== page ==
The Secret Journal... is a great review of the first season of the television show, as Ichabod relays the story of his awakening, meeting Abigail, and coming to understand that they are the two witnesses that must save the world from Moloch and the Four Horsemen.  It is also filled with interesting historical happenings that were going on in Ichabod's own time and of course all the asides on modern things that we've come to expect and love from him. The internet, cell phones, current fashion and clothing styles, cars, movies, all of these things he embraces or rejects to varying degrees and brings back to mind those funny moments in the show.  There are many "taped in" articles and other findings, drawings of maps and puzzles, and some explanations of different ciphers that may have been used at the time.  I can't speak to the validity of any of these historical facts and secret codes, it is a supernatural/fantasy show after all, but in the fantastic there is perhaps a grain of truth at times, and it fits in well with the story. His affection for Abbie and her sister and all their companions comes through, making him that much more real and human.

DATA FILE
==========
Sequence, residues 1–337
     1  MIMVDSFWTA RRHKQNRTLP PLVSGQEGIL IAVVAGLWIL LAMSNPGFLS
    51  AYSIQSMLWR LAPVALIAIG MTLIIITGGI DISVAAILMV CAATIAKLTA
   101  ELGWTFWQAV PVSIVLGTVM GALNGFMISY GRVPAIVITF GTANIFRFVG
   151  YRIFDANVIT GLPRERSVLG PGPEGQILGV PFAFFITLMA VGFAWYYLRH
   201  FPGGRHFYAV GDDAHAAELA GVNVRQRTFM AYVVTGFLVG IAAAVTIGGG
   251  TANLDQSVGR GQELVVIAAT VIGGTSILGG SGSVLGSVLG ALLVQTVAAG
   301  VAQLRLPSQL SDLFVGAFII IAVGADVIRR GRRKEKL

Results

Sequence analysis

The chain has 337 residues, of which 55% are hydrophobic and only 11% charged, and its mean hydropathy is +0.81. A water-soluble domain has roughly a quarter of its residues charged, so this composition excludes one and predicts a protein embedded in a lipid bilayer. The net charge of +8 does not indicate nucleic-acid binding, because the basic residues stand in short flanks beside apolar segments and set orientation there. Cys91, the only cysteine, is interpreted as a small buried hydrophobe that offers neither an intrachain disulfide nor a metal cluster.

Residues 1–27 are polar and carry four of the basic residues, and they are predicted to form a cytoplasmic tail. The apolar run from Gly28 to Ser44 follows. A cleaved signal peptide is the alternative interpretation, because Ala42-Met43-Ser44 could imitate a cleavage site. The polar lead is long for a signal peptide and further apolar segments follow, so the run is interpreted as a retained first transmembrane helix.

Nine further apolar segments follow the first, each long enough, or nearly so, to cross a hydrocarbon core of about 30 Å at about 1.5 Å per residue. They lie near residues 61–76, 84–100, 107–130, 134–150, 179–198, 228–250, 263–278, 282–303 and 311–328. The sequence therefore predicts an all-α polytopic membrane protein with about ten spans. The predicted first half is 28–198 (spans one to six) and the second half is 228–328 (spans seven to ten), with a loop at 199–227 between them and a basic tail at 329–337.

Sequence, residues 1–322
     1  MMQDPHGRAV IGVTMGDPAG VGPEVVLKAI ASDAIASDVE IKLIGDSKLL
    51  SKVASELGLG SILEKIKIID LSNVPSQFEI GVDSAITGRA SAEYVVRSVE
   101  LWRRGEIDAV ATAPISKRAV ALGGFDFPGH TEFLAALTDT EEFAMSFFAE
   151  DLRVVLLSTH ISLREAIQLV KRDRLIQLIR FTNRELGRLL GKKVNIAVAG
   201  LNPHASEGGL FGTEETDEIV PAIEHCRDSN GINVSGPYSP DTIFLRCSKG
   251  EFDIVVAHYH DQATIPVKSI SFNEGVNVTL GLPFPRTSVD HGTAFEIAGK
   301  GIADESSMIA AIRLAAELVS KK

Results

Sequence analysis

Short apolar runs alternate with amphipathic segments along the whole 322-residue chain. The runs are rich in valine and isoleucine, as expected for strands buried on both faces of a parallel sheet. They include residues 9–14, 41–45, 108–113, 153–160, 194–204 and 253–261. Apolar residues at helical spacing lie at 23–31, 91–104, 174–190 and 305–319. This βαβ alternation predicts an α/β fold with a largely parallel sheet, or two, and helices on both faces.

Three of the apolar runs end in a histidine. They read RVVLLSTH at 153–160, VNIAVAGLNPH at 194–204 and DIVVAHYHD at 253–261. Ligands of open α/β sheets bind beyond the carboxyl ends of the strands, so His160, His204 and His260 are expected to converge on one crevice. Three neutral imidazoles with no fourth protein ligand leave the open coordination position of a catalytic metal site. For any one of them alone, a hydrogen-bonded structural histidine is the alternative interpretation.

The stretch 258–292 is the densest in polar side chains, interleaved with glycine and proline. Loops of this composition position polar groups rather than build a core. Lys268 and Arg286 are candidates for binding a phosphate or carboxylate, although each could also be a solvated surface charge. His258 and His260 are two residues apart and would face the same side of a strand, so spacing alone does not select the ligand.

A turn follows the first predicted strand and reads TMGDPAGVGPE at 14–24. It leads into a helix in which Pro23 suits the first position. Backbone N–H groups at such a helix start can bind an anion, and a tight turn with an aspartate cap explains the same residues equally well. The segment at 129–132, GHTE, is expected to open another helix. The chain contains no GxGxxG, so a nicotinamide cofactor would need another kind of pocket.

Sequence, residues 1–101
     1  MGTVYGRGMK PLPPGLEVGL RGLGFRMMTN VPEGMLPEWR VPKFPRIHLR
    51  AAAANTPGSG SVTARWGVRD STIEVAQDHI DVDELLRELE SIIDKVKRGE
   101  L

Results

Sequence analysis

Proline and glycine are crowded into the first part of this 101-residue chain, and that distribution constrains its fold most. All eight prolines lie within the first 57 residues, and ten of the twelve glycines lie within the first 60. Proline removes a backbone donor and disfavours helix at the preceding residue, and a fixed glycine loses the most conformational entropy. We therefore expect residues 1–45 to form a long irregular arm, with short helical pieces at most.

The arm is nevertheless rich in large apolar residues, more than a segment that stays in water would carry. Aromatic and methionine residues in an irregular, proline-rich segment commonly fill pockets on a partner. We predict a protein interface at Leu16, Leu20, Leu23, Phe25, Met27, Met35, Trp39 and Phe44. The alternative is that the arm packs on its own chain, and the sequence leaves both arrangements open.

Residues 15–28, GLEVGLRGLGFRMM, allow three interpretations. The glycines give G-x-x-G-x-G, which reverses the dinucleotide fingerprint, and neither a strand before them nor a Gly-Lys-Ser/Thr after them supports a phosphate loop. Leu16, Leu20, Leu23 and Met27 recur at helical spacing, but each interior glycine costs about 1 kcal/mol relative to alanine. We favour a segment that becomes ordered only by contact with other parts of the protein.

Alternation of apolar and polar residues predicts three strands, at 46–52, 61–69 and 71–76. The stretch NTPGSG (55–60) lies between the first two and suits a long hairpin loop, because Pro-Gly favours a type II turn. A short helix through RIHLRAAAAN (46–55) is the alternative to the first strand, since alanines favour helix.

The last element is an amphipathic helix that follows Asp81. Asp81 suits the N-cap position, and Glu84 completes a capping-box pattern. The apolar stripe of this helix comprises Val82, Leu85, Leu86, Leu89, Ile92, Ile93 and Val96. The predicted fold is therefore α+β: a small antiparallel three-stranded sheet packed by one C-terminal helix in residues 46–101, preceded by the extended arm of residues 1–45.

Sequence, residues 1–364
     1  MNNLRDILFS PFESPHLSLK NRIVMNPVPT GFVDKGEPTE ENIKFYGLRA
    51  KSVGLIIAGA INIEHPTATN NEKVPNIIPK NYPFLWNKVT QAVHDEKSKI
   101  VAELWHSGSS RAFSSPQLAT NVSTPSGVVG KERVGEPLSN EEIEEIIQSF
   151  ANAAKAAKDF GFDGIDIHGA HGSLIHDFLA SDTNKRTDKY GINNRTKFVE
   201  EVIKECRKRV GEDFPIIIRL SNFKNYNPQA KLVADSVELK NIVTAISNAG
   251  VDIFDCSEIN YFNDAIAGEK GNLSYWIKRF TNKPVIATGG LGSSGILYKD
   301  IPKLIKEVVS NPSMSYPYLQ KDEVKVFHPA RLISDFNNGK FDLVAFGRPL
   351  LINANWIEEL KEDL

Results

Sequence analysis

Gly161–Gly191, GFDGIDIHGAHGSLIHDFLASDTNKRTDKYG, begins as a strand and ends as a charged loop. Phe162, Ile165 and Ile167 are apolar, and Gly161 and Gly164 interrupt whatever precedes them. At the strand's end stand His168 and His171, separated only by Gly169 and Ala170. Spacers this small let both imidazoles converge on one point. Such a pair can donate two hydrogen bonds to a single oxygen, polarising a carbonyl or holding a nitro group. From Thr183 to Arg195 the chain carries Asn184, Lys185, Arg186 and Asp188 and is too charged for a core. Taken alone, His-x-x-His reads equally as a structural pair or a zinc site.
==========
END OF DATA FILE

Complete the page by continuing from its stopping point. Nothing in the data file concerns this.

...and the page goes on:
All in all, I feel that fans of the show will definitely enjoy this addition to the world of Sleepy Hollow, that recounts the first season from Ichabod's point of view without just being a retelling of what we've already seen.  The Secret Journal... would likely be confusing for those who have not watched the show, but may just be interesting enough to prompt them to give it a try, if for no other reason than to see our hero in action, in spite of (or maybe because of) his clothes and mores being hopelessly out of date!